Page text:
An overweight hedgehog - which experts believe could be the fattest in the world - has been put on a strict diet.
Weighing in at 5lbs (2.3kg) Arbuckle struggles to walk or roll into a defensive ball after overeating during the winter.
The creature was handed into The New Arc, an animal rescue centre in Ellon, Aberdeenshire, on Tuesday evening.
The team there have put him on a low calorie diet after admitting they had never seen a hedgehog so large.
They said it was the heaviest hedgehog they could find a record of.
The centre's Keith Marley said: "He was handed in by a young man who had been looking after him over the winter.
"It's fair to say this chap had been doing it a bit too enthusiastically. When he went to realise it, the hedgehog wouldn't go.
"He put it down to him being reluctant to leave, but in actual fact Arbuckle can't really move very well on the grass, he's so fat.
"He gave us a shout and we were rather surprised. We've looked on the internet and we have found nothing as extreme as this case."
Mr Marley said he was not aware of what the young hedgehog had been feeding on - or how much - to get to its size.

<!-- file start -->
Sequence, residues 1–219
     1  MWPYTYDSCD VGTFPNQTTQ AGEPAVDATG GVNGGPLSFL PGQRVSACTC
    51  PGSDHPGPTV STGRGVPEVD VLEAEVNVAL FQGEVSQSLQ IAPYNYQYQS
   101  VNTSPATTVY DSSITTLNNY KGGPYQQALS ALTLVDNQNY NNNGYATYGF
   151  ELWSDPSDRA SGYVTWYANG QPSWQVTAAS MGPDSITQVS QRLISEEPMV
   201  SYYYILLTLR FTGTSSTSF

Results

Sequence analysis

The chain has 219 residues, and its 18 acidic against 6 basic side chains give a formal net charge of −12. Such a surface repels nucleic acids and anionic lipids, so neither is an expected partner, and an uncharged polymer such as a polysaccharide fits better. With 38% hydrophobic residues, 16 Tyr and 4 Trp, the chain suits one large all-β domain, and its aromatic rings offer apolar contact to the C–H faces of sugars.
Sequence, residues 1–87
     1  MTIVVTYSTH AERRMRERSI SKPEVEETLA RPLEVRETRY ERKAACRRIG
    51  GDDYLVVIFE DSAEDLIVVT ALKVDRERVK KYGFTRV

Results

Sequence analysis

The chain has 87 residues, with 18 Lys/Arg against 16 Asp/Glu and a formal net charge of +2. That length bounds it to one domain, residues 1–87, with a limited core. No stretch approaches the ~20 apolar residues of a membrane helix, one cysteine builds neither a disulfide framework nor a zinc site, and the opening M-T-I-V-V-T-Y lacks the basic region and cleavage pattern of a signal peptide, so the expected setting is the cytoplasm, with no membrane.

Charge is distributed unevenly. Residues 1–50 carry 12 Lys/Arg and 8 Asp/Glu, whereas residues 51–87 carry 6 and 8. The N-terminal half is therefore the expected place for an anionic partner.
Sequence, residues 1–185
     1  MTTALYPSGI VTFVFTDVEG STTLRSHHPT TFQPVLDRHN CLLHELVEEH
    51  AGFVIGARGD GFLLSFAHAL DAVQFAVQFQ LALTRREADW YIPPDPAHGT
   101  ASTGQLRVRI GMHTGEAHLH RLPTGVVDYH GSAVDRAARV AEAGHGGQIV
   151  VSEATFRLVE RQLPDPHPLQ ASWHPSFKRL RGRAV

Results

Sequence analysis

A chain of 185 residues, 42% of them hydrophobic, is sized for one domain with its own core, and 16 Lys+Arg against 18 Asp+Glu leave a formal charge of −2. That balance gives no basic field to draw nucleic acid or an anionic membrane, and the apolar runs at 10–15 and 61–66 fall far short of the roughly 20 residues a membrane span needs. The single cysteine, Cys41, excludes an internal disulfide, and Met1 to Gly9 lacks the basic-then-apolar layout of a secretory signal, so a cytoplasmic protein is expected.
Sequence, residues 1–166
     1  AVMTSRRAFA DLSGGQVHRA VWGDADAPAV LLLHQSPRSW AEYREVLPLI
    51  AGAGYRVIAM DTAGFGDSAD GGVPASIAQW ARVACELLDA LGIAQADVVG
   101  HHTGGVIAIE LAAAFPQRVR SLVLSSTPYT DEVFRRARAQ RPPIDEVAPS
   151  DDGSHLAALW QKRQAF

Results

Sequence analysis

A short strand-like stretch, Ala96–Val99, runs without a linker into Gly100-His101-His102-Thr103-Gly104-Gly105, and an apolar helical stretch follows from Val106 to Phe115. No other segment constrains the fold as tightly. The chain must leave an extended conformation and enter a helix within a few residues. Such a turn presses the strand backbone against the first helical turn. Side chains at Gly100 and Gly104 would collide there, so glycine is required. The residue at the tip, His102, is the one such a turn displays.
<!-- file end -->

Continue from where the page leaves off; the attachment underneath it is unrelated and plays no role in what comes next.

He said: "I think Arbuckle probably ate everything that came his way.
"Most people feed them anything from cat food to boiled eggs, to you name it.
"Our background has been helping hedgehogs put on weight, not trying to take it off them, so it's a bit unusual."
The animal - named after silent film star Roscoe "Fatty" Arbuckle - will be fed low calorie dried biscuits which will keep him feeling full but will avoid him piling on any more weight.
Mr Marley said: "He'll get a limited amount of food each day and it will be scattered around his cage so that he has to exercise to get it, as opposed to waddling along to his bowl and helping himself and then going back to sleep again.
"If you are looking after a hedgehog for an extended period of time, I suggest you keep an eye on its weight and consult with local wildlife rescue to see if it's following the right direction.
"If this gentleman had made contact with us at an earlier stage we would have been able to tell him, 'look he's overweight now, just cut back'."